PLAINFIELD, NJ – As teachers and staff across Plainfield get ready for the 2018-2019 school year, Interim Superintendent, Dr. Ronald Bolandi announced parts of his reorganization plan to improve student performance in the district over the next few years, putting an emphasis on training and support for teachers on intervention, data, STEM, and other programming.

“We have had an active school summer as a district for staff training,” said Bolandi at Tuesday’s Board of Education meeting. “We have excited teachers…working with the kids.”

Bolandi said that the Abbott program has returned, but this time the district will have a training center with a board approved coordinator to work with teachers from each building on science, social studies, math and language arts areas.

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“Abbott will work with the kids who aren’t sure about going to college on readiness skills such as note taking and academic strategies,” he continued. “This is for the ‘middle of the road’ kids who need that extra boost. Not the at-risk or Gifted and Talented.”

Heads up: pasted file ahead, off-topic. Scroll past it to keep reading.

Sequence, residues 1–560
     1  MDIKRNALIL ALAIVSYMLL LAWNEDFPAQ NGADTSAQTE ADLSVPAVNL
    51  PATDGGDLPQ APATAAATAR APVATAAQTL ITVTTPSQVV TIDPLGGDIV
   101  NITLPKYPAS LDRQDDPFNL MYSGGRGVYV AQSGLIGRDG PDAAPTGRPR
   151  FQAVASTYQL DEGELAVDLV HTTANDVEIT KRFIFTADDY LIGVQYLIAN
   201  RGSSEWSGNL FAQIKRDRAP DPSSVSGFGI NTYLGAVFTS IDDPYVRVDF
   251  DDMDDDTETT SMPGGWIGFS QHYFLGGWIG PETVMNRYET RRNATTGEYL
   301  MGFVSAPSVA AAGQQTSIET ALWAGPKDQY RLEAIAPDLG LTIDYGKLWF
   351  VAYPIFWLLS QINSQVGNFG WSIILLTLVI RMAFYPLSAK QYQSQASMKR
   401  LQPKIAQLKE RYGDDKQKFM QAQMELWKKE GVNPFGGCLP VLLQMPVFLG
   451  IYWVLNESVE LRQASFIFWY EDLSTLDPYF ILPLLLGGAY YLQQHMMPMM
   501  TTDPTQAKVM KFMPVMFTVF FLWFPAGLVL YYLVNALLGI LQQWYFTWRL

“Our teachers will take online courses to help train them which was not done the last time Abbott was in place,” said Bolandi, adding that the program will start in the middle schools and will be rolled out to include the high school levels next year.

To target struggling learners, Dr. Adams will lead the Response to Intervention (RTI) program, and “only the best (staff members) who apply will be in the RTI positions,” said Bolandi, adding that the district now has control over its remedial programs through grants. “These are veteran teachers who chose to apply, not those who couldn’t cut it and were placed with the lowest level students.”

Bolandi also said he wants high school teachers to start teaching civics, so the Solutions Civics program will be implemented “to help get kids involved with how the political process and government work.”

While the school board voted to approve a $2.7 million technology initiative with Apple that will provide 5,000 iPads and related services to district schools, they also adopted a new federally funded character education program at the meeting that will begin in six, 6th grade health classes this fall.

The ‘YES You Can!’ risk avoidance program will address various social topics ranging from teen pregnancy and relationship building to bullying, said representatives from the NJ Physicians Advisory Group which will run the program and train teachers.

“It’s designed to help students develop a vision for the future,” they said, adding that the district will be able to continue to use the program after the grant ends.